Celebrating MNPS Black Excellence

Black History Month gets us to think about and reflect on MNPS’s Black graduates and everything they’ve achieved in Nashville and beyond. In business, government, philanthropy, the arts, sports, and many other fields, those who once were children in our schools are now succeeding and leading as thoughtful, caring adults.

It’s true in education, too, of course. It’s a beautiful thing to see so many of our Black graduates back in the district as educators, leaders, and public servants.

So this year we’re celebrating MNPS Black Excellence once again, with a focus – though not exclusively – on graduates who are working in our schools and the Support Hub, giving back to the students who are coming along behind them. You’ll hear from a few of those students as well.

And while you’re here, take a look at the last few years of wonderful alumni and student MNPS Black Excellence videos


"Lift Every Voice and Sing" performed by students from Andrew Jackson and Eagle View Elementaries


"Lift Every Voice and Sing" was written as a poem by James Weldon Johnson in 1900 and set to music by his brother John Rosamond Johnson. The poem was first performed by 500 students of Stanton School, where James Weldon Johnson was the principal, for the celebration of President Abraham Lincoln’s birthday on February 12, 1900, in Jacksonville, Florida.

Delight in the joyful noise students from Eagle View and Andrew Jackson elementary schools make as they sing and play "Lift Every Voice and Sing," the stirring song also known as the Black National Anthem.

  • Andrew Jackson Music Teacher: Kaitlin Tilden
  • Eagle View Music Teacher: Alicia Engram



Kevin Aigbe, Antioch High School, Class of 2000

Kevin Aigbe, assistant principal at John Overton High School, talks about what Black Excellence means to him: consistency, knowing who you are, and leaving a legacy.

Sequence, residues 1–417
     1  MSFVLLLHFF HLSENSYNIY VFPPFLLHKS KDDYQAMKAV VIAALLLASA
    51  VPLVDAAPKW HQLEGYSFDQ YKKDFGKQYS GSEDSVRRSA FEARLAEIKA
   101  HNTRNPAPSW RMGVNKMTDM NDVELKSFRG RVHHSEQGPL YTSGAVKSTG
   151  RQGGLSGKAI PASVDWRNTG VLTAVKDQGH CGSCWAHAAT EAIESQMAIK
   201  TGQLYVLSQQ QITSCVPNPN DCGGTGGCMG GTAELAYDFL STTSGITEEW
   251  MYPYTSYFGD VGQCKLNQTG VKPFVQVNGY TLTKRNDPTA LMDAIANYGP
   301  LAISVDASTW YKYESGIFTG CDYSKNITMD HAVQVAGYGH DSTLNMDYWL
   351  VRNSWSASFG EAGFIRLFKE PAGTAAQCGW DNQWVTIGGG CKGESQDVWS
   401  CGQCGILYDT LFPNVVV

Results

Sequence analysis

Jordan, Freshman, John Overton High School

Jordan, a freshman at John Overton High School, talks about Black Excellence and the importance of perseverance.



Cindy Kent, Hume-Fogg Academic High School, Class of 1987

Cindy Kent, a healthcare business executive and corporate board director, talks about Hume-Fogg's profound impact on her life and career and her wish for today's students to take advantage of the many opportunities they have to learn and grow.



Dr. Shavoncia Watts, Whites Creek High School, Class of 1996

Dr. Shavoncia Watts, coordinator of non-academic supports with MNPS's Schools of Innovation network, talks about the impact of her MNPS education on her life and work.


Dr. Kevin Armstrong

John Overton High School, Class of 1990

Dr. Kevin Armstrong, principal of DuPont Hadley Middle School, talks about the confidence his MNPS teachers helped instill in him, showing him "the ability to be great."


Marquis Churchwell

McGavock High School, Class of 1993

Marquis Churchwell is the assistant principal at Martin Luther King Academic Magnet High School.

"Black Excellence is being selfless, and being of service to others, being a catalyst for change, for equality and equity for all."



Fourth Grade Student

Jordyn, a fourth grader at Waverly-Belmont Elementary, talks about what Black Excellence means to her.


Dr. Megan Suggs

Maplewood High School, Class of 2006

Dr. Megan Suggs, assistant principal at Hull-Jackson Montessori Magnet Elementary School, talks about her wish for today's MNPS students - and what Black Excellence means to her.



Mose Phillips Jr.

Hillsboro High School, Class of 1990

Mose Phillips Jr., an Exceptional Education teacher at Cane Ridge High School, talks about how his student days at Hillsboro High School prepared him for college and life by exposing him to people from many cultures and backgrounds.


Carmen Shaw Moore

East High School, Class of 1973

MNPS travel specialist and East High School graduate Carmen Shaw Moore talks about two teachers and an assistant principal whose influence on her remains strong today.


Tiffany Elle Burgess

Martin Luther King Jr. Magnet, Class of 1997

Actress, author, consultant and Martin Luther King Jr. Academic Magnet High School graduate Tiffany Elle Burgess talks about the impact of Metro Nashville Public Schools on her life and what Black excellence means to her. 

Burgess plays Olivia in the new movie “The Color Purple.”


Eric Townsend

Whites Creek High School, Class of 1988

Maplewood High School history teacher and athletics business manager Eric Townsend talks about a mentor whose words of wisdom have stuck with him since he was a student at Whites Creek High School more than 35 years ago.